Forgotten by man, but not by God. The last verse of the previous chapter says, "The chief cupbearer, however, did not remember Joseph; he forgot him" (Gen 40:23). As a result, Joseph, when his hopes of being released from prison was high, continues to languish in prison for two more years (Gen 41:1). Having one's high hopes dashed, might be more unbearable than a resignation to a situation with no hope at all. But though the cupbearer forgot Joseph for two years, God did not forget Joseph. After two more years in prison, at just the right time, God causes the forgetful cupbearer to remember Joseph. God accomplishes this by giving Pharaoh two dreams (Gen 41:1-7). "As it turns out, even the cupbearer's forgetfulness worked in Joseph's favor since, just at the opportune moment, he remembered Joseph and recounted his wisdom before the king." (Sailhamer, Introduction to Old Testament Theology. 297).

Troubled and with no one who can help. In the morning, Pharaoh was troubled by his dreams (Gen 41:8a). He does not understand its meaning. He probably guesses that they forecast something ominous because it has something to do with the Nile, which is the source of fertility and prosperity for the nation (cf. Eze 29:3). Pharaoh sends for all the wise men and magicians to tell them his dreams. They were the wisest, best educated men of Pharaoh’s kingdom, schooled in the art of interpreting dreams, but none could interpret them (Gen 41:8b). Why not? The things of God can only be grasped and understood by the Spirit of God (1 Cor 2:10-16). The king's court grinds to a halt. Pharaoh is troubled because he does not know the meaning of the dreams God has given him, and not one of all his wise men can help him understand God's message.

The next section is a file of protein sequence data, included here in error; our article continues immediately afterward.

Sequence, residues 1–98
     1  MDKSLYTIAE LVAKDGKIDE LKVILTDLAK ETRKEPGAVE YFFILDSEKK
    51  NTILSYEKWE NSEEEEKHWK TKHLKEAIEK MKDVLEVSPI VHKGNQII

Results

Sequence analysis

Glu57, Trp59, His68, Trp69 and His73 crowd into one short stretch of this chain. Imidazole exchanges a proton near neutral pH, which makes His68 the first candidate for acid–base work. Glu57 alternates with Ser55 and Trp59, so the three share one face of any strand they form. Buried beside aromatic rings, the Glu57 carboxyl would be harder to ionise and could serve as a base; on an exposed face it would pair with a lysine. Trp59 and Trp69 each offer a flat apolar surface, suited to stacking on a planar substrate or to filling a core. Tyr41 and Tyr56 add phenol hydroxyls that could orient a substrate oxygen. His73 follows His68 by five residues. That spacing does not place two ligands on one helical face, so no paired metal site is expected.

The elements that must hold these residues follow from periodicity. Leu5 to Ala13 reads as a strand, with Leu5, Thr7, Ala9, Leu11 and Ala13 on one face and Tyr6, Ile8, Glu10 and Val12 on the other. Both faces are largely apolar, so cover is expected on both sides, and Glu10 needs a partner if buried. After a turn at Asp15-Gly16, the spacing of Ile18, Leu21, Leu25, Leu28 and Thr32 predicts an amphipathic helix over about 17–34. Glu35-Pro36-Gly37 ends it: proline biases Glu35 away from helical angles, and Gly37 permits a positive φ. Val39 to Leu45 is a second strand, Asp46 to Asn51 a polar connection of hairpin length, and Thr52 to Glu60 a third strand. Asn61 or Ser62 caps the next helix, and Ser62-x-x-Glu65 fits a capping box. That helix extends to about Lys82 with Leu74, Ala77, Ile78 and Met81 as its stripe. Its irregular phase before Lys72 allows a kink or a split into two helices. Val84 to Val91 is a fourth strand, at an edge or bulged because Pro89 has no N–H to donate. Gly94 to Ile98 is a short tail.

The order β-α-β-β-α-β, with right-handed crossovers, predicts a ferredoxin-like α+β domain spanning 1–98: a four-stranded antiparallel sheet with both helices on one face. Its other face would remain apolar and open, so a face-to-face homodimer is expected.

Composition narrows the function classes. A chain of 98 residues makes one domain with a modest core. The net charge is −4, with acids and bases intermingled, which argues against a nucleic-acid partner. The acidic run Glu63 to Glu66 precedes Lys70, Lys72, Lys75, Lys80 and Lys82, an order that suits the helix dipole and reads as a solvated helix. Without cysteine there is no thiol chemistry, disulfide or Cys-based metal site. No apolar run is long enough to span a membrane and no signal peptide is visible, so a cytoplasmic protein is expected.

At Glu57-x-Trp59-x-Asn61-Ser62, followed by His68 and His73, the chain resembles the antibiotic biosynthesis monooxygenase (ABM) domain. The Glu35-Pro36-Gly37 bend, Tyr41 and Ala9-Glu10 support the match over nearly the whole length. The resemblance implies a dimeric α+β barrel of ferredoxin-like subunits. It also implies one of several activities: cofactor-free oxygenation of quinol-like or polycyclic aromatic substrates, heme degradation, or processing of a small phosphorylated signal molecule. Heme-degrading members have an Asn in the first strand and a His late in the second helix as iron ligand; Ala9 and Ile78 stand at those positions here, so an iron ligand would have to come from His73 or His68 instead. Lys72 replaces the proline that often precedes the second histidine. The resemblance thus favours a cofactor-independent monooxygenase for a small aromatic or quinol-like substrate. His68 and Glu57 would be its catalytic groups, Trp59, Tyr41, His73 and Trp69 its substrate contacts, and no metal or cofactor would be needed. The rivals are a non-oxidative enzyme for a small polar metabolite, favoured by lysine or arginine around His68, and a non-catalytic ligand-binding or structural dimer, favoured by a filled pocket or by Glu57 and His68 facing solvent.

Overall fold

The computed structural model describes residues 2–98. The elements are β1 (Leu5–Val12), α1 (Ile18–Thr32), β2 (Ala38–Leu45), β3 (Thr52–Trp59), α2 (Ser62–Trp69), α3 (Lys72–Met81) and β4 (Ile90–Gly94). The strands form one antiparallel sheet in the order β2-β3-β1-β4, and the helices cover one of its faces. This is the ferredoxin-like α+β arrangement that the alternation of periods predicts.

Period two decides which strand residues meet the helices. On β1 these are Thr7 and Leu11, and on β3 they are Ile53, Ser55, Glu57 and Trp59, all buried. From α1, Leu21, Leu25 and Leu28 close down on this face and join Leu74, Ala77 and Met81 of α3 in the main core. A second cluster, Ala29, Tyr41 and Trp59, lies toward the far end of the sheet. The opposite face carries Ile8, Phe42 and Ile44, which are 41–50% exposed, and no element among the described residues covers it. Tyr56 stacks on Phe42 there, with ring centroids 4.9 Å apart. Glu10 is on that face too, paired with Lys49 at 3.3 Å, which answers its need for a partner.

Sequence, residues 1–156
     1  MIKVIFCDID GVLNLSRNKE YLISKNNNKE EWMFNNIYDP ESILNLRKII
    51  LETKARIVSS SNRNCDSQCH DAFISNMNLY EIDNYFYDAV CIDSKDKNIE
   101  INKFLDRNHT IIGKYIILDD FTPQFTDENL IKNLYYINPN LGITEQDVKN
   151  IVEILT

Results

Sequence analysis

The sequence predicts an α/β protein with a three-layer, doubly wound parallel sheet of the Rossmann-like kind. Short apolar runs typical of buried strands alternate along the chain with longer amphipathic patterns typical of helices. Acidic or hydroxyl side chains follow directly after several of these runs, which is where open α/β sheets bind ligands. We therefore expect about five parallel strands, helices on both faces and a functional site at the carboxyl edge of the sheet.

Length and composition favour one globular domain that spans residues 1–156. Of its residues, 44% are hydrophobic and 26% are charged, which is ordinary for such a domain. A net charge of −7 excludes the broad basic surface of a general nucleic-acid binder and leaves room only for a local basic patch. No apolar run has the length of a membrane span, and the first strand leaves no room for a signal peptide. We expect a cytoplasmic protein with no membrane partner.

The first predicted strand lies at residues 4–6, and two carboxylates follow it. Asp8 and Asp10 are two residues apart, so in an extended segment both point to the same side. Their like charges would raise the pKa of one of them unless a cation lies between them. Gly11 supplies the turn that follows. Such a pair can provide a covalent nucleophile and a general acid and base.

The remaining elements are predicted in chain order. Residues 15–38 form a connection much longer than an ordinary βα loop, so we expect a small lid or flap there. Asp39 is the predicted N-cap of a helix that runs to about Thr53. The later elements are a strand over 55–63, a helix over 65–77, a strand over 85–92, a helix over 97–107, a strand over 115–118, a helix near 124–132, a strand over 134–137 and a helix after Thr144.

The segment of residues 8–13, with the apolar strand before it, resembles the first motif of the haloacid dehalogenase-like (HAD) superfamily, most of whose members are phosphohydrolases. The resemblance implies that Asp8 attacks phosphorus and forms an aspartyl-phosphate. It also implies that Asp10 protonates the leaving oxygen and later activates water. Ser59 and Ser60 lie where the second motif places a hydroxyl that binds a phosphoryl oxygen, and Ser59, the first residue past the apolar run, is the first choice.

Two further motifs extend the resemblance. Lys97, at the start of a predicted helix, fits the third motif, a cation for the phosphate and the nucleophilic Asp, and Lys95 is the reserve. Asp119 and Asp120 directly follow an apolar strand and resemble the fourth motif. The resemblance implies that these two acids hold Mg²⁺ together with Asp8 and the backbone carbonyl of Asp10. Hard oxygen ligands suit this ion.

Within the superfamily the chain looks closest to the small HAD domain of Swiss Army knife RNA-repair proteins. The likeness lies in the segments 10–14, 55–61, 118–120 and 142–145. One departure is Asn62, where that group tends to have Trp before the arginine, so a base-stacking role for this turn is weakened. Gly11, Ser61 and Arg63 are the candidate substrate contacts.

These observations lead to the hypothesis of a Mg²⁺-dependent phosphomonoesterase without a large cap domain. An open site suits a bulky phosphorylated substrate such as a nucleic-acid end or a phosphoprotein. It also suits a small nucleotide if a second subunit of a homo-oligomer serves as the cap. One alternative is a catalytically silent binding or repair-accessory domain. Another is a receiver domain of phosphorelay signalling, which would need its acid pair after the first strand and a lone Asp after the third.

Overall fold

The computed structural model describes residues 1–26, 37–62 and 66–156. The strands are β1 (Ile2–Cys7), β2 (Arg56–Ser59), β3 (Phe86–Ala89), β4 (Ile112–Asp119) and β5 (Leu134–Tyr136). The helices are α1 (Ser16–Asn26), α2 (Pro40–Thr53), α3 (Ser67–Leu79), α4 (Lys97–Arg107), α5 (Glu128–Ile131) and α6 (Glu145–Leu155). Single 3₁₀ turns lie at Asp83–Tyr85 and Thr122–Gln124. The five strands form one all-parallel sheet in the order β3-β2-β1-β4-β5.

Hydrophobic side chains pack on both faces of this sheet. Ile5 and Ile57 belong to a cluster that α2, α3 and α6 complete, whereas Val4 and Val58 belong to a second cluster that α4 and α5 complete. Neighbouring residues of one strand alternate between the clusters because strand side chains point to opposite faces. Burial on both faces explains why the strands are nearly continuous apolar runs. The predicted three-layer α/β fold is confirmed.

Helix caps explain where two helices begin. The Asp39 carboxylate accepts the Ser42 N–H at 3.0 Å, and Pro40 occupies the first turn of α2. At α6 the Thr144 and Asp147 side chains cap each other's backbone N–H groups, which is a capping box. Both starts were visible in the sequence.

II. The Plan (Gen 41:9-14): Have Joseph interpret the dreams